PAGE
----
My first outing totally failed, and nobody was willing to try on this crazy jacket whilst I took a photo. So, I printed up a bag of tee shirts, and used them as a thank you. Soon enough, I had a line forming, and let’s be honest, everyone loves free stuff. However, the NYPD mistook this for street hustling, and suddenly my face was on the concrete and my hands behind my back. However, they realized I had nothing but tee shirts and a camera on me, and had not been taking money for the tees. I got an A for effort and was almost arrested
LD: It’s been about 6 months or so since graduation, what have you been up to? And what’s in store for the future?
CE: Well, the day of graduation, everyone in my class jumped a cab to the ceremony, walked on stage then went straight back to class. Our portfolio was due the next morning, so we were working on that. I then spent the entire summer refining the collection for our NYFW show, making jewelry, socks, and a few extra pieces here and there.
Then, of course, in September, the show came, and Donna Karan said to Shelley, “I must have her for DKNY,” which as a fashion graduate, is pretty much the highest compliment you can get. Sure enough, I now find myself as the new Associate Womenswear designer at none other than Donna Karan New York, and I plan to stay there as long as they will have me!
LD: Definitely not a bad job for a post-grad! Do you have any advice based on your own experiences for current Parsons students and students wanting to start their own lines?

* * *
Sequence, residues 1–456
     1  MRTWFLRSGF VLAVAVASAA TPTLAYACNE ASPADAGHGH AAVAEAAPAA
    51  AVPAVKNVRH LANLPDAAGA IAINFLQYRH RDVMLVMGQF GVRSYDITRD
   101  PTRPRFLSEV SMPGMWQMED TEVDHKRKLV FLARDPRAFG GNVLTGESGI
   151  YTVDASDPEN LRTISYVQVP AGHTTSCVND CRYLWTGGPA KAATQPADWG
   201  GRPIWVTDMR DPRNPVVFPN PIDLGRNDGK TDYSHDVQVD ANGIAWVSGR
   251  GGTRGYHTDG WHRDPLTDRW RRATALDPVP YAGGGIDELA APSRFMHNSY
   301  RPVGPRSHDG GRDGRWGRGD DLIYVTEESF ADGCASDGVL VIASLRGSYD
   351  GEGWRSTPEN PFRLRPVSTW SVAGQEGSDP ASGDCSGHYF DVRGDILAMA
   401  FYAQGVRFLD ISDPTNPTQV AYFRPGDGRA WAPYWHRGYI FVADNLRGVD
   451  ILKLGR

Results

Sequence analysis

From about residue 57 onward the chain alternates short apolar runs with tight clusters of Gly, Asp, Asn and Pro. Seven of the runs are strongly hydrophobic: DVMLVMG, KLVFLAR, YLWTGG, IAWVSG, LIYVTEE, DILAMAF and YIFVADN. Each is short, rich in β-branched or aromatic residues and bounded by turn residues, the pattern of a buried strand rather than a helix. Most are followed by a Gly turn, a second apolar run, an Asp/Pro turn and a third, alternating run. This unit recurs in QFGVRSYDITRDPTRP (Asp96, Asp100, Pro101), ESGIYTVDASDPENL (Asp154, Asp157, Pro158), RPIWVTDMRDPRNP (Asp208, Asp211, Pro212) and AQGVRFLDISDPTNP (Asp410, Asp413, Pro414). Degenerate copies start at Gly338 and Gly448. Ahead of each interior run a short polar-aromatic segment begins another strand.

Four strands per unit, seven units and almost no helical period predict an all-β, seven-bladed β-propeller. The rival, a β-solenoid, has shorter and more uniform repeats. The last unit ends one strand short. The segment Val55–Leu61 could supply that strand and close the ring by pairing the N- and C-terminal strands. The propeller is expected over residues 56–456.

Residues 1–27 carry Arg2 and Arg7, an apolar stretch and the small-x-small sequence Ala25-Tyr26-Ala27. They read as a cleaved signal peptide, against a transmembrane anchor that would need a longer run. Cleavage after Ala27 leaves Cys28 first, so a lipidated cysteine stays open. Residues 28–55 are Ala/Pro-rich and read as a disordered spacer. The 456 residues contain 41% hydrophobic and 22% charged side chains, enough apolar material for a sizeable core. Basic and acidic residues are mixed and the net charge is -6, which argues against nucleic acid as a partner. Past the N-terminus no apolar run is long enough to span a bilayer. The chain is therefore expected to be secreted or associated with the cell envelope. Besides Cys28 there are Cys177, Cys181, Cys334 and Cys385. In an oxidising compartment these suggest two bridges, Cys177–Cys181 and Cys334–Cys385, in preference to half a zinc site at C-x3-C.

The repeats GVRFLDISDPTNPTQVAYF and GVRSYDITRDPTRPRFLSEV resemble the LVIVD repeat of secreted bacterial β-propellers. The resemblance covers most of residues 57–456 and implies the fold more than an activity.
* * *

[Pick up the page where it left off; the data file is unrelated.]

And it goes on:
CE: Basically, work hard, give it everything you possibly can manage and then some. Also, you need money. That is an unavoidable fact. Sampling and production costs are extremely high, so without a financial backer or money of your own, it isn’t an option. We had a lecture from a company that helps designers start up their own business, who said the least you can start up a fashion label with is no less than 1 Million Dollars. I managed to get through producing collections as a student due to kind sponsorships and having the luxury of the Parsons’ equipment to realize my designs myself; however, upon graduation I no longer had the luxury of a studio to create, so as it stands my line has been paused until further notice. At my pleasure, DKNY now gets my full attention.
Huge thanks to Carly! To view more of her work check out her website here.